It wasn’t. I’m a woman of colour who has been discriminated against my whole life in different capacities, and I understand the frustration of feeling excluded, but right now is not the time to nitpick at people who are on the right side. I felt united at that march, and yes there we’re a lot of white people there, but they were speaking for more than just reproductive rights. They were standing up and showing themselves as an ally, in agreement with you that Donald Trump is a piece of shit. And you could have been standing there beside them, as I was, and spoken up for what you are. This is the thing, the moment we get angry at people for not standing up for us instead of educating them, is when we become negative.

Right now, if you feel excluded it’s your time to fucking shine, and to do so without feeling like it’s necessary to diminish another movement before yours. Yes, white privileged feminism can be disappointing to people who feel they aren’t represented, but you have an opportunity to speak up for yourself. People are listening right now. We are trying to find a way to unite, so let’s please do that and save humanity before we nitpick.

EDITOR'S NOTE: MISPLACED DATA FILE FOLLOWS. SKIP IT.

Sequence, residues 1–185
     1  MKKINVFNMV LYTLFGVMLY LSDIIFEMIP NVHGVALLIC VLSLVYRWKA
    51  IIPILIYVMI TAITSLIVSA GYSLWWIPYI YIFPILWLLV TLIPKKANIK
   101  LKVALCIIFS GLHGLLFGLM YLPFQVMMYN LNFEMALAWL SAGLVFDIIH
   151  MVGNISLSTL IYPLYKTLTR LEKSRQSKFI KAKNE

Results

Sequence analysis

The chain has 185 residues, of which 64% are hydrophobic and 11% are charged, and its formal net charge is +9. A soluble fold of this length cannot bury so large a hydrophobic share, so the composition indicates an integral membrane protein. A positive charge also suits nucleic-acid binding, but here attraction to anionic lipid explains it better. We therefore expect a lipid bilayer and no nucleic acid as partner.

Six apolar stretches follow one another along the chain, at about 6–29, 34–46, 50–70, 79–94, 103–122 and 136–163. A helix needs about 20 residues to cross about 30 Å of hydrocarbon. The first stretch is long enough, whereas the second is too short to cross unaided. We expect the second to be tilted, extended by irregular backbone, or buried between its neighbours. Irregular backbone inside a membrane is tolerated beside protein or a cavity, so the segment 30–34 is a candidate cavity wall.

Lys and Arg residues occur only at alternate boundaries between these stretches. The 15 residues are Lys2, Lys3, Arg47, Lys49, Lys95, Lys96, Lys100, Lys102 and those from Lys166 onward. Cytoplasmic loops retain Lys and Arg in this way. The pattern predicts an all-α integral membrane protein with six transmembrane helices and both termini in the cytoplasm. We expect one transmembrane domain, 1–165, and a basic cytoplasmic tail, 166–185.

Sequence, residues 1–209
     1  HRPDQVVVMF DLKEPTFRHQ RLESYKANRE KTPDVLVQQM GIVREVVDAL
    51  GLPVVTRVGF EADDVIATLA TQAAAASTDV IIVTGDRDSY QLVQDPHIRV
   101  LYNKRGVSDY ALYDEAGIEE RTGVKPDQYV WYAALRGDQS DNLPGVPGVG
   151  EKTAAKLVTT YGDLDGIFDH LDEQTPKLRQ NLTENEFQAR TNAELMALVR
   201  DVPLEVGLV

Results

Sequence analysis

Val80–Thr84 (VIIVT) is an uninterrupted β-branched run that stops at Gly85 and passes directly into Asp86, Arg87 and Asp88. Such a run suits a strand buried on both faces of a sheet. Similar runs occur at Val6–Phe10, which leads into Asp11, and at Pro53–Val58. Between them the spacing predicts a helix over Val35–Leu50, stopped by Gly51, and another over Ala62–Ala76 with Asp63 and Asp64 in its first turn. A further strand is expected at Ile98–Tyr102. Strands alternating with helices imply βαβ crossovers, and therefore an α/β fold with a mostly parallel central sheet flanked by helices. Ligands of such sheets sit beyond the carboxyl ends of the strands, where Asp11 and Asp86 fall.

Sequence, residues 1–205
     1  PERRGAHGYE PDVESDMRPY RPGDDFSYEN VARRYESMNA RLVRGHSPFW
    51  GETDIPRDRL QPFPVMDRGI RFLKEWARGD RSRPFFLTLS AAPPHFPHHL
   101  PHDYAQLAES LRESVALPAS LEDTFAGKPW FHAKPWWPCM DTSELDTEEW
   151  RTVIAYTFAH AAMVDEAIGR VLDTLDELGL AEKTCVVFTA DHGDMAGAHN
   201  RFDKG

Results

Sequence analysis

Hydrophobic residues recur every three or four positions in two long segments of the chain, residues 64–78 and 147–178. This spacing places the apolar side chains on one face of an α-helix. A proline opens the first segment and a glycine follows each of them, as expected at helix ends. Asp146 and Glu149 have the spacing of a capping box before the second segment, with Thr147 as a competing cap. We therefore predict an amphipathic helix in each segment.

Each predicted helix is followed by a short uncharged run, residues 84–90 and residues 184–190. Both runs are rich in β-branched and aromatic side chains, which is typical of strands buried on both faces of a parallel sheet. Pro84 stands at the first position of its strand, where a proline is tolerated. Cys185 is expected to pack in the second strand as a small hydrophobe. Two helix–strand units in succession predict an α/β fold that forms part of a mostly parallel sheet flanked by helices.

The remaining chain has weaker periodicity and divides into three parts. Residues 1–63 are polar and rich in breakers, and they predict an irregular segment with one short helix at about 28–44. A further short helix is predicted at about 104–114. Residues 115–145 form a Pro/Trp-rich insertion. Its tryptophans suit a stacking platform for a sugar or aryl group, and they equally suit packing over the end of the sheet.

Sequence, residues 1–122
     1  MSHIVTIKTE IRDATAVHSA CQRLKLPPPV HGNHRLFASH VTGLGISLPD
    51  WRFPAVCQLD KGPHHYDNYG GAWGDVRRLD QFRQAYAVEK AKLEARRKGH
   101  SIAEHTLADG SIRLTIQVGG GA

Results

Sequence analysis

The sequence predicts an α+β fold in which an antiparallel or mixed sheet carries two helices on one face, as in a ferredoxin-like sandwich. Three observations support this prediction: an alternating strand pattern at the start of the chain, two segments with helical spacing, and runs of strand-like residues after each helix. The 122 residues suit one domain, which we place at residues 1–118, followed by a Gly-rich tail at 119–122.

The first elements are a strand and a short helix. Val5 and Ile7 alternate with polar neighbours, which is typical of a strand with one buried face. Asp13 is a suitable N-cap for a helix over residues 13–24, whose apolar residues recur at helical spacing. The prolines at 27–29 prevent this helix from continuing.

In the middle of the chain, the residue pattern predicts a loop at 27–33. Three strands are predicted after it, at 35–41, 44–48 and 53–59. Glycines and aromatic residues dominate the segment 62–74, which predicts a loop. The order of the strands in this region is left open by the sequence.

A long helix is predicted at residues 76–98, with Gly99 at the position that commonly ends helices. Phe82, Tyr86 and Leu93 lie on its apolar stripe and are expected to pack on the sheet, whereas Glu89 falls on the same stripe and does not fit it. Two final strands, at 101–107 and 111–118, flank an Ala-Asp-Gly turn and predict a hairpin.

I have always been someone to call out bullshit and try to peal layers. But now is not the time for that. Right now, let the white women march and march beside them instead of finding more issues to separate us. Yes, we are different, yes we experience different sides of life and politics, and some of us are more prone to be hurt by them than others, but right now, we have a bigger issue. Right now, we all have to be on one side, and if someone who’s standing beside you comes off as ignorant, teach with love instead of anger.

We can’t lose focus, because that deters us away from the big picture. Blaming all your problems on other people is a cop out, let’s not do the same thing without realizing it.

I don’t have the answers. I don’t know what will happen next. The only thing I know is that we can be united, and it all starts with kindness and education. Anger may make a wave, but compassion is what will heal us.